Klasey Consulting LLC, run by clinical psychologist Nicole Klasey, PsyD, consults with agencies on trauma informed care, programming for commercially sexually exploited children (CSEC), culturally responsive services, vicarious trauma, and leadership development. Dr. Klasey has been training multidisciplinary audiences on trauma-related topics since 2015 and has taught graduate-level psychology courses. She authored a commercial sexual exploitation intervention and prevention curriculum. Her work has been recognized by Los Angeles County leaders and she has been awarded the State of California Senate Certificate of Recognition by Senator Joel Anderson. 

More information on Klasey Consulting LLC can be found on their website.

Klasey Consulting LLC Courses Available for Homestudy

Supporting More than Just Youth: the Need to Address Generational Trauma

Working with youth can be challenging given the generational patterns of trauma, poverty, incarceration, etc. So, it’s essential for providers to understand generational trauma and how to work with youth from a generational perspective. Without this perspective, we can have unrealistic expectations for youth and their families and encounter barriers to engagement. Providers will learn strategies to support youth with generational patterns of trauma within their families.

Many youth, especially foster care and juvenile justice youth, come from generational cycles of trauma and oppression. So, it’s necessary for providers to understand these generational patterns to effectively partner with these youth and their families.

Trauma Bonding and Attachment with Trauma Survivors

Given the numerous traumas individuals have experienced, it’s crucial to understand how trauma impacts attachment. When we don’t understand trauma bonding and attachment it makes it hard to understand why someone defends the person abusing them, stays in an abusive relationship, returns to an abusive partner, etc.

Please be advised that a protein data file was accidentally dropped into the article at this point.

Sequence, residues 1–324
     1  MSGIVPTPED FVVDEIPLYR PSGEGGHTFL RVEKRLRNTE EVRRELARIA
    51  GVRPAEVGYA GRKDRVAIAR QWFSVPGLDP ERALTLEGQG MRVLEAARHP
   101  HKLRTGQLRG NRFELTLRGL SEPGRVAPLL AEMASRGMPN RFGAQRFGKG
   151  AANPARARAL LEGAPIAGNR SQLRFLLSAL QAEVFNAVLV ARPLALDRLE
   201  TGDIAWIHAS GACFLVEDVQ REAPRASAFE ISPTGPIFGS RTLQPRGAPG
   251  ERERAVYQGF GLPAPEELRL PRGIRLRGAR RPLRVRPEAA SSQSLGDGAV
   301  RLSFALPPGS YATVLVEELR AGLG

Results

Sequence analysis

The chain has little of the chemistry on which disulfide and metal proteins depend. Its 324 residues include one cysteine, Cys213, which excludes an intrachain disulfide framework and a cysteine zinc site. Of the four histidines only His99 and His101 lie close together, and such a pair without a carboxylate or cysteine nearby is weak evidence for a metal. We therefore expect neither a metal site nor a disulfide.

This workshop will provide an overview of attachment, the impact trauma has on attachment and trauma bonding. Participants will learn what trauma bonds are, what they look like and how to support individuals in a trauma bond.

Harm Reduction Strategies for Youth Who Run Away

An alarming number of youth run away from home, foster homes, group homes, etc. which can place them in extreme danger. While the safest option for youth would be to not run away, many still do. It’s important for youth serving providers to incorporate harm reduction principles; unfortunately, telling youth not to run away doesn’t work.

In this training, participants will learn the reasons why youth run away and the harm reduction strategies for youth who run away to help increase their safety.

The Impact of Parental Incarceration on Youth​​

Given the large number on incarcerated and formerly incarcerated individuals in the United States, it is important to understand mass incarceration and how it impacts youth and their families. This training will provide an overview of the historical context of mass incarceration, why mass incarceration exists, how it impacts youth, and strategies to support youth who have an incarcerated parent. It is essential for providers across disciplines to understand how parental incarceration impacts youth. Many describe incarceration as a shared sentence as it affects many lives.

Strategies to Address Vicarious Trauma​

This training will discuss vicarious trauma, compassion fatigue, and moral distress that can arise in the helping field. When individuals don’t intentionally care for themselves, it can lead to burnout, premature department from an organization, etc. Participants will learn strategies to increase their self-care to be more resilient and compassionate. It’s essential for those of us in the helping profession to prioritize our overall well-being so we can model it to the youth and families we work with.

Fight, Flight, Freeze and Fawn: What Social Service and Behavioral Health Providers Need to Know About Trauma Responses

Given the amount of trauma youth and adults have experienced, it’s crucial for behavioral health and social service providers to understand common trauma responses and how they may manifest.

Although fight, flight, and freeze are more commonly known there is more acknowledgment of the fawn response. This training will provide an overview of these common trauma responses, how they manifest and how to support youth and adults experiencing them. Participants will also learn strategies to educate clients about trauma responses, so they understand how they show up in their lives and impede their functioning at home, school, work and other settings.